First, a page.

Lincoln ordered his War Department to devise two plans: one for capturing the Anaconda and the second for releasing it on the South. Lt. Col. Henry "Never give a sucker an even blake" Blake was placed in charge of a regiment of religious snake handlers from Kentucky, and they sailed to Peru on the hastily-renamed U.S.S. Anticipated Snakebite. After the long trip, marred only by high winds and sea-salted peanuts, a very brief campaign occurred. The snake had just snacked and was napping on the beach, so the snakehandlers just walked up and grabbed him. The snakenappers brought the Anaconda back to Washington D.C, and it was then transported to Fredericksburg, Virginia, under a very heavy guard - General Thaddeus "Two-Ton" Thomas, Corporal Leland "Growing Boy" McPhearson, and several obese infantry men - all of whom spent the entire trip literally snake-sitting.
Implementation of the plan
The plan called for the anaconda to be smuggled behind Rebel lines. There was some dissent between Union generals as to whether the snake should be disguised as a giant wooden horse or packed face-first into a locomotive. A Chinese commissary orderly, Long-Ding Dong, finally suggested that he and the six other orientals in the Union Army stage a Chinese New Year parade, disguise the snake as a dragon, and march right into the enemy camp. Perfect! This plan was immediately accepted by the simple-minded generals.
The Chinese New Year's Parade got noisely underway, and it appeared as though the ruse would work. Unfortunately, as the Anaconda was approaching Confederate lines, General Ambrose "Burn my own house down" Burnside decided that a few firecrackers would add realism to the parade. Not having any firecrackers, he instead shot off a few artillery shells.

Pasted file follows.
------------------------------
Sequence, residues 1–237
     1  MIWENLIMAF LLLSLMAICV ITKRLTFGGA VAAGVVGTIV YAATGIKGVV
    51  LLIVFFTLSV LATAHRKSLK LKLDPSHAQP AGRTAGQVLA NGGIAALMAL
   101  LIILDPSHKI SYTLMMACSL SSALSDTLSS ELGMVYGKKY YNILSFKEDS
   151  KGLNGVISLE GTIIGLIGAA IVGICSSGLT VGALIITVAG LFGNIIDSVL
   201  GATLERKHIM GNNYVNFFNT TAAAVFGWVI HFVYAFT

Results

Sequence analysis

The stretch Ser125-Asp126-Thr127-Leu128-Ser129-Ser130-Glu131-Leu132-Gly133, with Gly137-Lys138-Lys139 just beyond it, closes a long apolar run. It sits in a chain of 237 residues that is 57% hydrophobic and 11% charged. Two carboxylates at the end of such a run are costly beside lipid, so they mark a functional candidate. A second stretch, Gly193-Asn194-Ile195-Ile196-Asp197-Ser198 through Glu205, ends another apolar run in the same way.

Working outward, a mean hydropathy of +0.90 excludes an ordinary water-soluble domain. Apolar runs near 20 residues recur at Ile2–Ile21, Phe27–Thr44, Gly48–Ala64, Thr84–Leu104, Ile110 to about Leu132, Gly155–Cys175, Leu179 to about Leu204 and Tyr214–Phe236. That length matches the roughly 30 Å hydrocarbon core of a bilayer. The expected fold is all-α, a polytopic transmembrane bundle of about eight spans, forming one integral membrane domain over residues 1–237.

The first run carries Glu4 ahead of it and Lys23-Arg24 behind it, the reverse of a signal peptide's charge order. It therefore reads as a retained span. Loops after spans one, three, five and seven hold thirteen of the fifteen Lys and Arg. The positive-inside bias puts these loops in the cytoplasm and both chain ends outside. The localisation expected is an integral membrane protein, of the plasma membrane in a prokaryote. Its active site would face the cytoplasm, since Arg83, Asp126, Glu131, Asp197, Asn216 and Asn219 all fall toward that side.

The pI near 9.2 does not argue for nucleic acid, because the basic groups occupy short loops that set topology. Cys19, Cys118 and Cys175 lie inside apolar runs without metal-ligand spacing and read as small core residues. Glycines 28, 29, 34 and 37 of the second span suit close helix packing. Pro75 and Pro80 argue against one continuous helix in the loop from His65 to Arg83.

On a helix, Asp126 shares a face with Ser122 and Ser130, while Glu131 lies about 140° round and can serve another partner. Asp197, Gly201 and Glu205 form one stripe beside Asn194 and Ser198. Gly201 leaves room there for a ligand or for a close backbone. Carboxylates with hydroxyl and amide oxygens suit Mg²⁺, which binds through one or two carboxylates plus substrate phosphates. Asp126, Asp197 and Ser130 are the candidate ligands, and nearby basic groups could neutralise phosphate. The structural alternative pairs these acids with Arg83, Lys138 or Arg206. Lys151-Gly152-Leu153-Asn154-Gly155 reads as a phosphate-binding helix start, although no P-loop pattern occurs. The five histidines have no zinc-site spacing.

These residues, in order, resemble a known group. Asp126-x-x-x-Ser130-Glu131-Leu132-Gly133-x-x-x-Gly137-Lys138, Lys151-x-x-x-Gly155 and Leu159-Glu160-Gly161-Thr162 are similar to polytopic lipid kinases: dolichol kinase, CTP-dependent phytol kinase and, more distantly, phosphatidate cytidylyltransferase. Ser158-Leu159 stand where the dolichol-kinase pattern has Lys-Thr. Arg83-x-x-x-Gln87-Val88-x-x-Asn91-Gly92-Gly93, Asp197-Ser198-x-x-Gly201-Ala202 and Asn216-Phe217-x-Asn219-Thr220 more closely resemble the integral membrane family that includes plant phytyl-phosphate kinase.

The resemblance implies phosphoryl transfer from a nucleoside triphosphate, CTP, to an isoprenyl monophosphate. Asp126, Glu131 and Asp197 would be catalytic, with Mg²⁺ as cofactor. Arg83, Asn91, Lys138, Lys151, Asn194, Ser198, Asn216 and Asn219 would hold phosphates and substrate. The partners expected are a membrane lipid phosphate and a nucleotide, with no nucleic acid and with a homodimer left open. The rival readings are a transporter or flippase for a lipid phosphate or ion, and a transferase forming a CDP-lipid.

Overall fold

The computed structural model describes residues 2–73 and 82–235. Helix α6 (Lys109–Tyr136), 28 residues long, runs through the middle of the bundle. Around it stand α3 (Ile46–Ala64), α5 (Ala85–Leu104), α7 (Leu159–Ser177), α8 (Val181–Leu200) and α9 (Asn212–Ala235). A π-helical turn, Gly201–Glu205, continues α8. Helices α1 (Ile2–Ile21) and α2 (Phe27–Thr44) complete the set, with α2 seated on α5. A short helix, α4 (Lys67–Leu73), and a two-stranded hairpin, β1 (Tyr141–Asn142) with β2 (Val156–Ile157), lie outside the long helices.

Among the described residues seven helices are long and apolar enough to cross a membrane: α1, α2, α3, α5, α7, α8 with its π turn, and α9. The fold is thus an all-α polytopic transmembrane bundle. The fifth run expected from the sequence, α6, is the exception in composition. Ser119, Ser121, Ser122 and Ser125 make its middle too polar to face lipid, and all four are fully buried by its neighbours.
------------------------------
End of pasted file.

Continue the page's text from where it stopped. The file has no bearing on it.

The concussions threw the parade into disorder. The confederate soldiers took up defensive positions, and all the sound and commotion terrified the snake. The Anaconda immediately shed its skin, turned on its handlers, and began swallowing them one by one. The Anaconda swallowed a good many Union soldiers that day, a good many indeed. It ate so many Union soldiers and generals that it is believed by most historians to be the primary reason the Union lost the Battle of Fredericksburg. It was either that, or the fact that General "Boy oh Boy" Burnside ordered a direct frontal assault on Confederate positions entrenched on high ground.
Whatever the reason, the Union lost Fredericksburg, and General Ambrose "Bumbling" Burnside was to blame. Upon learning that the snake did not eat Burnside, President Lincoln expressed deep disappointment, ordered the general back to Washington, and personally shot him. He then had Mary Todd come in and shoot him again. "Practice makes perfect" Old Abe explained, as he and Mary guffowed and hrmphumped thoughout the White House, trailing Ambrose "Burn in Hell" Burnside's insides behind them.
In the meantime, and under cover of light, the Anaconda slithered off into Virginia, where it ate many more Union generals at the Battle of the Wilderness. After that, its whereabouts are unclear, although some reports place it in Europe, while others speculate that it was sent by Lincoln to "negotiate" with the South. Lincoln historians and apologists are quick to point out that snakes do not, in fact, negotiate, but only appear to do so when molting. These same experts, however, do not discount the possibility that the Anaconda lived on for many years, did tour Europe, and later participated in the Grant administration by serving - as well as living - in Grant's kitchen cabinet.